The waterslide at Watersmeet
 

Because the precise location of the Doone Valley is uncertain it is no longer described as such on maps, the Ordnance Survey now describing the area more accurately as Doone Country.  A rewarding walk can be taken along the whole length of Badgworthy Water starting from Brendon Common by parking the car at Brendon Two Gates.  Here there are wide views of both the open heather moorland and also the grass moor of the Royal Forest ‘improved’ in the nineteenth century.  Badgworthy Water changes in character along its length from fast running rapids to smoother, deeper pools.

Badgworthy Water

The above walk is rugged and long but a more gentle approach is from Malmsmead with its much photographed packhorse bridge and ford that also denotes the county border between Devon and Somerset.

Malmsmead where Badgworthy Water crosses the road
 

Further along the lane nestles the village of Oare and the church where Lorna and John wed.  Inside is a memorial to Blackmore, a smaller copy of the one in Exeter cathedral.  A memorial can also be seen to the Snow family who lived at Oare manor and also feature in Lorna Doone. It is recorded that as Blackmore didn’t write kindly of the Snows he was afterwards much disliked by them.  Other local characters also existed: Tom Faggus, the highwayman was – in real life – from nearby North Molton and Ridd is still a local surname.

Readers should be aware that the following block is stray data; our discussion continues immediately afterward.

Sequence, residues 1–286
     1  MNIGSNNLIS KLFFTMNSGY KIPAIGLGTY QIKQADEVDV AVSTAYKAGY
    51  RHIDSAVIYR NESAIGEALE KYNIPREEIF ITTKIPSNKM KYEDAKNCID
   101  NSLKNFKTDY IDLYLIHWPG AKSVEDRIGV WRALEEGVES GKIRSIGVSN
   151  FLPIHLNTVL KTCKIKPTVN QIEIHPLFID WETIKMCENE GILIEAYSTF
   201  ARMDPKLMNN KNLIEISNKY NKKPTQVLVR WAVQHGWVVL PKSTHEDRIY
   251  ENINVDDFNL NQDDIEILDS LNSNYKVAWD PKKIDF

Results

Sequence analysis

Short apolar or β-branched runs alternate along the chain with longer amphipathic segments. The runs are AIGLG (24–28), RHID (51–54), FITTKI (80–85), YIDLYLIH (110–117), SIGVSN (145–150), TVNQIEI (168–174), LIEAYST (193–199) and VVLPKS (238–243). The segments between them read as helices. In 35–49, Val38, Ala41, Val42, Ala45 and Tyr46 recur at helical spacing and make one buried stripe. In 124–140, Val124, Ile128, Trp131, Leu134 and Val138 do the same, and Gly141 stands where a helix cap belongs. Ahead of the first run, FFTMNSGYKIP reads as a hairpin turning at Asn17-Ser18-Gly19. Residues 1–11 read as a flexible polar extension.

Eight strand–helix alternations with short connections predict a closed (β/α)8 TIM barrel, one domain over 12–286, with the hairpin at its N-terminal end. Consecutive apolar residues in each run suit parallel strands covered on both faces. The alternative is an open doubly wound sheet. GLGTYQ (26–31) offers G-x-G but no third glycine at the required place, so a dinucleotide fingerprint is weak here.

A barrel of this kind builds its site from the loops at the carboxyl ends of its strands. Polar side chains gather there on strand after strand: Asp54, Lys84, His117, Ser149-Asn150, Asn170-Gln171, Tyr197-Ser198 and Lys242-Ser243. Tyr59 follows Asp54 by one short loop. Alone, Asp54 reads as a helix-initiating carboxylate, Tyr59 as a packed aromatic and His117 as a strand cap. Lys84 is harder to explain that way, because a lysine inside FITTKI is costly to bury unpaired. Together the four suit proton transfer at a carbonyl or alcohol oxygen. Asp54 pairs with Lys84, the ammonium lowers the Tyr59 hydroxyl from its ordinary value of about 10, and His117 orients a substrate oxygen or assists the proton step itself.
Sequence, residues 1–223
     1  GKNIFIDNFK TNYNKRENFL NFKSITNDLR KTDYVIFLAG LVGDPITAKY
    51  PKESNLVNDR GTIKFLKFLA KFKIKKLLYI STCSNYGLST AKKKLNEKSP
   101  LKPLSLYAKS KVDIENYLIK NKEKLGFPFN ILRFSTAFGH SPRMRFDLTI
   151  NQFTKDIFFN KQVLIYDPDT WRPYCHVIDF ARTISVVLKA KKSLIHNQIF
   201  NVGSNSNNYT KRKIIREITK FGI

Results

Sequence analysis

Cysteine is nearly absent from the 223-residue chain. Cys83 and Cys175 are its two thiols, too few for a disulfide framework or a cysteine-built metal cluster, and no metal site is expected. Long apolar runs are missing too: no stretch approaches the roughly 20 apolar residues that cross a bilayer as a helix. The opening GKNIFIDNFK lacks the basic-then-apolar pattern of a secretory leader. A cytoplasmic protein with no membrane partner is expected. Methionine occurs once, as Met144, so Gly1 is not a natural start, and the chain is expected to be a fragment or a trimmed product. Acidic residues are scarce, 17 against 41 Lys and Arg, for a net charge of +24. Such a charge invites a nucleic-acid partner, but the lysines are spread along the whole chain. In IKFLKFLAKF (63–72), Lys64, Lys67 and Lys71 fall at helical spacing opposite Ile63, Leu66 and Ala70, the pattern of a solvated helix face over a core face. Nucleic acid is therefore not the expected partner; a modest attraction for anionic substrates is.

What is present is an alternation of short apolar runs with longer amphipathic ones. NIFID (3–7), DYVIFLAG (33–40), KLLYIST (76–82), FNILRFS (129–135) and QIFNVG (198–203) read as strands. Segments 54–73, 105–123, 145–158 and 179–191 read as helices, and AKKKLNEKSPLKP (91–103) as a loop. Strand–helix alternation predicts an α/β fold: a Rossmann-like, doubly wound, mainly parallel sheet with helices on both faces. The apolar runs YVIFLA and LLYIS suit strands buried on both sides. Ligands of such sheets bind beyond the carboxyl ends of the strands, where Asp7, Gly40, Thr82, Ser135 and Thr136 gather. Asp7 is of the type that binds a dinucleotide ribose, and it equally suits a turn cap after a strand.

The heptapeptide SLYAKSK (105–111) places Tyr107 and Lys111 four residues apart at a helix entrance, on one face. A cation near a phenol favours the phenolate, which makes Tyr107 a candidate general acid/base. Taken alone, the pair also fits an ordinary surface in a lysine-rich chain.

Oare village and church nestle in a deep combe

Is Lorna Doone a story based on truth?  That is for the reader to decide, perhaps after visiting Mother Meldrum’s cave in the Valley of Rocks, for both are mentioned in Blackmore’s book.

The Valley of Rocks